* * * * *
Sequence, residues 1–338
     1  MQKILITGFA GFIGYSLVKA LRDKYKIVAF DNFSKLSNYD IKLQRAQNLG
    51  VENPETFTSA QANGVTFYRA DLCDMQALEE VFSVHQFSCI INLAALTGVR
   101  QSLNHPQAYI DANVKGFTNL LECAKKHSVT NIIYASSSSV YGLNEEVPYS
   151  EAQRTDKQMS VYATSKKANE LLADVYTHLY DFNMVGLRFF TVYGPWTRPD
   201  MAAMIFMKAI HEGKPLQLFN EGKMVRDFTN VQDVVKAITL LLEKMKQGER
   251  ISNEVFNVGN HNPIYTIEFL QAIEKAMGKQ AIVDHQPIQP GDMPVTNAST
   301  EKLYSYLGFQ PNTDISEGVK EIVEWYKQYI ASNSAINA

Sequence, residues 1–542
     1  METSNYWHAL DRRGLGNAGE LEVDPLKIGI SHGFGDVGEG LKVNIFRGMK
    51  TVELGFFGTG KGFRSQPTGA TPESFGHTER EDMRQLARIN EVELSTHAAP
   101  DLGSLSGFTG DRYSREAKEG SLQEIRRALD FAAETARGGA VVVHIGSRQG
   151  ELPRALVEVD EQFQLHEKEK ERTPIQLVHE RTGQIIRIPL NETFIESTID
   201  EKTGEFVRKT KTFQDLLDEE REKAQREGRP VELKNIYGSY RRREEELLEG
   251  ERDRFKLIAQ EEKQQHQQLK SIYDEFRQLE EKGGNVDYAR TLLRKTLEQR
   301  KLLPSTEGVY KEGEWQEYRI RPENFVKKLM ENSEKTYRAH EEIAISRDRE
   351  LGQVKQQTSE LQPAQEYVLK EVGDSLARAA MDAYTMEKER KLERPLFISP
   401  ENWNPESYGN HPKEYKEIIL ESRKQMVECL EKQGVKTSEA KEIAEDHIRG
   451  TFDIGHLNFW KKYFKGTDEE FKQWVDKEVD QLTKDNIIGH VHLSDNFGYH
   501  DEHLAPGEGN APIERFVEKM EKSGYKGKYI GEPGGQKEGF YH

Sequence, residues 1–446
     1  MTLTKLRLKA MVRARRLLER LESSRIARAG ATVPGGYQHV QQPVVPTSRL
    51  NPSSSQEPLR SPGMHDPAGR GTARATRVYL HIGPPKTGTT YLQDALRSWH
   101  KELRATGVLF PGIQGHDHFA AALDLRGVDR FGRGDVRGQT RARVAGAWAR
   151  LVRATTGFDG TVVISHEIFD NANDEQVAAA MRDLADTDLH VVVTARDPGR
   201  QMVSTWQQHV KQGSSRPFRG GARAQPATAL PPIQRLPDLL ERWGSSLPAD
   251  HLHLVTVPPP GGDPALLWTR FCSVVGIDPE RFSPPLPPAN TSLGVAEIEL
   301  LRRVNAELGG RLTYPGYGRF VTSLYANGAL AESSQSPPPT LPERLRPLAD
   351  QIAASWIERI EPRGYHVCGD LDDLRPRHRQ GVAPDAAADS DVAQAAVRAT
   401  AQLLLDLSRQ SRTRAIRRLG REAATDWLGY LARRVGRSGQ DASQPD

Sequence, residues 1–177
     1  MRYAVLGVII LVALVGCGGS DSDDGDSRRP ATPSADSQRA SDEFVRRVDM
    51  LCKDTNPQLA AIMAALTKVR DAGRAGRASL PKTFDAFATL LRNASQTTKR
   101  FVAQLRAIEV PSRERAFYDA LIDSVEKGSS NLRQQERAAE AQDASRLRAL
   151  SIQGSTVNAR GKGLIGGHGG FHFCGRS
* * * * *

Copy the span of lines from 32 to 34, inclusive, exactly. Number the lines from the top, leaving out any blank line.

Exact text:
     1  MRYAVLGVII LVALVGCGGS DSDDGDSRRP ATPSADSQRA SDEFVRRVDM
    51  LCKDTNPQLA AIMAALTKVR DAGRAGRASL PKTFDAFATL LRNASQTTKR
   101  FVAQLRAIEV PSRERAFYDA LIDSVEKGSS NLRQQERAAE AQDASRLRAL